Jump to Navigation

Landowners protecting waterways with assistance from the Molonglo Catchment Group!

Printer-friendly version

The Molonglo Catchment Group has teamed up with Greening Australia Capital Region to implement the Molonglo Catchment Strategy and a new round of incentive funding is now available for fencing, stock water, tubestock and direct seeding. The application process is simple and it is open to both individuals and groups. The project is funded by the Australian Government’s National Landcare Program.

More than 20 landowners in the Catchment have already committed their time and energy to undertaking restoration works. Once these works are complete, these landowners will have contributed to more than 18 kilometres of river, creek, or gully restoration within the Molonglo Catchment, along with more than 160 hectares of revegetation or vegetation protection.

Carwoola landowners, Rose-Marie and Peter Johnson, explain why they got involved with the project. ‘Fencing off and planting along our creek had been on our wish list of things to do since we moved to our property eighteen years ago, so the incentive funding offered through the Molonglo Catchment Group seemed an opportunity too good to miss. The grant assisted with the cost of fencing about a hundred metres of creek line along both sides and putting in an extra trough (because a paddock was split) and gates for functional access. To revegetate the area, Greening Australia provided a mixture of over two hundred local native trees, shrubs, grasses, rushes and sedges, plus carton style tree guards to protect them. The help of the Green Team volunteer group for some planting one afternoon was much appreciated. Greening Australia also provided replacements for losses due to the dry end to last year and the bank-bursting downpours of late Summer.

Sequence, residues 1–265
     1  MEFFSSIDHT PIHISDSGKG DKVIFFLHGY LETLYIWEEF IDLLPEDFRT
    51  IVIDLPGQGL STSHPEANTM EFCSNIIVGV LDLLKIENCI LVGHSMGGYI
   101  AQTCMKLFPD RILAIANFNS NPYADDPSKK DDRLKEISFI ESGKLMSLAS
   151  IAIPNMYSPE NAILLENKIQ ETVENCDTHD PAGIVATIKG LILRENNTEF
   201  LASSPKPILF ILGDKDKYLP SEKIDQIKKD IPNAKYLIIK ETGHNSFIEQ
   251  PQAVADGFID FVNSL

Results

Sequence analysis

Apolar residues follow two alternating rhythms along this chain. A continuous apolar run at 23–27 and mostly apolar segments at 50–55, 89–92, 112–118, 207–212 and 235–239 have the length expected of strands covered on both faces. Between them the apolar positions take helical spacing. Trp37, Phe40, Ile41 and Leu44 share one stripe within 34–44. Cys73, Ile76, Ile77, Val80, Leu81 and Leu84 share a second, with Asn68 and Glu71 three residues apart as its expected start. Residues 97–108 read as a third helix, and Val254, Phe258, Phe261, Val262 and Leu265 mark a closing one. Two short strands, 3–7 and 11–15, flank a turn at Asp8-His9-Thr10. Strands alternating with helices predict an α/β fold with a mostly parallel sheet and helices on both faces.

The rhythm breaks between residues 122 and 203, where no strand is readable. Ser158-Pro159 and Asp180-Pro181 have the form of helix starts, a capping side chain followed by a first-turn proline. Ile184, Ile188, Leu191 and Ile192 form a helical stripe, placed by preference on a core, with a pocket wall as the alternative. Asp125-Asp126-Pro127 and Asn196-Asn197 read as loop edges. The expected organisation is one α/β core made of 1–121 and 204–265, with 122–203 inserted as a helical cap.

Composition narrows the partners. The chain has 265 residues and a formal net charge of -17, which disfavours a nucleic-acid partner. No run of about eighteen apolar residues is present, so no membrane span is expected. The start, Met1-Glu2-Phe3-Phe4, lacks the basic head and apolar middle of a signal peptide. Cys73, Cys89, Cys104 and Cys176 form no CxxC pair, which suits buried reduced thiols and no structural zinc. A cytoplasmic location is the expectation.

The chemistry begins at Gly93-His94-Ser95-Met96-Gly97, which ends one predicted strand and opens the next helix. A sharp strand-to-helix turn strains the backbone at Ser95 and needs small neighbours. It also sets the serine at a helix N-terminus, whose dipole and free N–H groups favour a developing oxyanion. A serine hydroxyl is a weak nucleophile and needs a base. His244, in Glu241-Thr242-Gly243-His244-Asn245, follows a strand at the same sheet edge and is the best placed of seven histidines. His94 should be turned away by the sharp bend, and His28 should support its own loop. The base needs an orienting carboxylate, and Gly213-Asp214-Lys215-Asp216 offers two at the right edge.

For the sake of completeness in rehabilitating the area, we also pulled out briars and hawthorns in addition to our usual weed control. It's been wonderful to watch the growth over the year or so since we started the project, including the increase in natural wildflowers with the exclusion of stock. It's also reassuring to know that the revegetation and stock exclusion will help stabilise the parts of the creek banks vulnerable to erosion. We're looking forward to having a shady tree-lined creek in a few years' time.’

On the Burra side of the catchment, rainfall wasn’t quite as plentiful earlier in the year, but this hasn’t lessened the enthusiasm of the Little Burra Community Association to continue with their revegetation of a creek on community land within the Little Burra estate. After a failed planting a few years ago (grasshoppers eagerly feasted upon the freshly planted seedlings), the group tried again in August 2006. Members of the local community and Greening Australia volunteers, spent a morning planting nearly 400 native tubestock along the banks and in-stream. With assistance from the Rural Fire Service, members of the community were able to water the plants a couple of times to get them through the dry summer.Planting at Little Burra

The survival rate has been variable, with the tubestock planted on the western bank doing markedly better than those planted on the eastern bank, probably due to the difference in site preparation. The western bank had been sprayed and ripped prior to planting, whereas the opposite bank had only been slashed. The group is gearing up to extend the revegetation project along the next section of creek in the coming spring.

For information on how you can be part of the Molonglo Catchment Strategy please contact Angela Calliess at Greening Australia Capital Region on 6253 3035 or acalliess@act.greeningaustralia.org.au.

Main menu 2

Dr. Radut Consulting